VR Headsets Comparison Summary 2018

vr

#1

There are a few on the market now, and more on the way, so wanted to provide a simple (heh) comparison table:

Name Release Date Price Resolution Per Eye Field of View
Oculus Rift March 2016 $399 1080x1200 110º
HTC Vive April 2016 $499 1080x1200 110º
Playstation VR October 2016 $299 (needs PS4) 960x1080 100º
Samsung Odyssey November 2017 $399 1440x1600 110º
Samsung Odyssey Plus / + November 2018 $499 1440x1600 110º
HTC Vive Pro April 2018 $1,399 1440x1600 110º
Pimax 5K+ January 2019? $699? 2560x1440 200º
Pimax 8K January 2019? $799? 3840x2160 200º
Lenovo Explorer April 2018 $349 1440x1440 110º

Notes:

  • FOV is diagonal.
  • Screens are all OLED
  • Pimax price and date are probably fictional.
  • Pimax 8K is upsampling, so not true 4K source per eye as yet.
  • Pimax FOV of 200º might need to realistically run in a lower mode i.e. 150º?
  • Odyssey Plus is reportedly using AMOLED panels with ‘Anti Screen Door Effect’ tech.
  • Lenovo Explorer has no physical IPD adjustment as opposed to Oculus, Samsung, HTC and (I think?) Pimax HMDs

As this post will date badly, I’ll turn it into a wiki so others can edit.


Samsung Odyssey & Odyssey Plus News
Samsung Odyssey & Odyssey Plus News
VR Noobie
#2

What is the point of using OLED exclusively? Is it for the residual luminance of black pixels? It sure isn’t for the improved power consumption.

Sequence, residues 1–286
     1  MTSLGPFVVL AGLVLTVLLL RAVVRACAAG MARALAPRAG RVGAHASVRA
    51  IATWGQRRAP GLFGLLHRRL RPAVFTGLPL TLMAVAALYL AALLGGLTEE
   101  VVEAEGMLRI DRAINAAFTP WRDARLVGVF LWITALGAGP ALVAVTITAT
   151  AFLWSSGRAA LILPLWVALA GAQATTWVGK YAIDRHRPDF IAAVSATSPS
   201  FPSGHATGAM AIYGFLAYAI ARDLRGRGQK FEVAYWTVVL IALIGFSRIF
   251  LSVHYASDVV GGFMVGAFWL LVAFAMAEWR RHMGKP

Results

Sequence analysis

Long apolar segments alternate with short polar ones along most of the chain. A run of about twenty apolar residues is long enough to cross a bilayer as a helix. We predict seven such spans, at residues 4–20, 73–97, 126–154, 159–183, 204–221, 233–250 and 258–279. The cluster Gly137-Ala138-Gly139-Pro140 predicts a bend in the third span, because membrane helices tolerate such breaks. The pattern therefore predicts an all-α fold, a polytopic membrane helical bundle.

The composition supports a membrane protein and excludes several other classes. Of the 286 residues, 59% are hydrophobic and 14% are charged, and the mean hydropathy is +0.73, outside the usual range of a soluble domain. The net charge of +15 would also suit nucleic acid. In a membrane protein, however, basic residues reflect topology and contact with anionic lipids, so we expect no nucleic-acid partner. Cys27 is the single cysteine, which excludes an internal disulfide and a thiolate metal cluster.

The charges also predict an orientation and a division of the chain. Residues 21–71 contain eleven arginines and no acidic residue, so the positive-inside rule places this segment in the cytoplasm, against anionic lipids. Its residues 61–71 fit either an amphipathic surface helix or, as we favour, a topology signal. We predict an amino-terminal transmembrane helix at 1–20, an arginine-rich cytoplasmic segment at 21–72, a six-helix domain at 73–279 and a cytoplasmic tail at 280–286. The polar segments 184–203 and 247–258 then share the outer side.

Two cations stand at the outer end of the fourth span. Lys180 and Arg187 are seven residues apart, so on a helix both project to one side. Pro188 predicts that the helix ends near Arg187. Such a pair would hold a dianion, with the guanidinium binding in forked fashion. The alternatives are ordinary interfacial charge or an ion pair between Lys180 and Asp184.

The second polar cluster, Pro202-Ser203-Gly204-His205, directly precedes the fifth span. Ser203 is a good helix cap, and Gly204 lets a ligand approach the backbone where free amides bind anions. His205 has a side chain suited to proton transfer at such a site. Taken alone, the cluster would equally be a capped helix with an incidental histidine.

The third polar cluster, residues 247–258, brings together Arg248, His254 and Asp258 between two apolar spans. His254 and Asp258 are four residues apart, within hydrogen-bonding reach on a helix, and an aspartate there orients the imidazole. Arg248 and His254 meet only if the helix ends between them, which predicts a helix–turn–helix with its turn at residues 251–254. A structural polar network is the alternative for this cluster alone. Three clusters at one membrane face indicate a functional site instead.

#3

I’m not sure. I think it is about low persistence (90HZ is 11ms a frame to update). I suspect also it is more just to do with following what the cell phone industry is doing in terms of what panels are getting built for that. The Samsung OLED panels are really for the Gear product line, with everything else in VR just picking scraps to fit.


#4

Do all unwired headsets have their own processors?


#5

There are wireless connectors for the Vive so it can run untethered, but generally yes, either that or they use a beefy smartphone as as a ‘plug-in’. The popular phone plug-ins are the Google Daydream and Samsung GearVR.

A quick summary of the latest Standalone VR headsets (I won’t do specs, as less interesting for us I think, as we like the ‘tethered’ to PC):

Name Release Price Notes
Oculus Go 2018 $199 3DOF media viewer
Oculus Quest 2019 Q1 $399 The follow up to the Go, looks pretty powerful as a true 6DOF standalone.
HTC Vive Focus 2018 $650 Lacks good software support
Lenovo Mirage Solo 2018 $400 Lacks good software support

There are other headset by Pico, Xiaomi etc but less well known.

The big sell for these VR ‘consoles’ (as they are all self-contained) is the price point (no $3000 PC required) plus the ability to play in large spaces, as they use ‘inside out’ tracking which doesn’t require you to set up sensors etc and run wires.

Big ‘true VR’ games untethered (my ‘2. VR Games’ here) on cheap hardware might allow VR to cross ‘the chasm’ for main-stream appeal.


#6

I need to do some homework on this VR business now that I have a 1080Ti. I’m struggling slightly with the terminology!

In terms of system requirements, do newer models have higher demands (say the Vive Pro) or can you just crank down the settings until you upgrade your PC?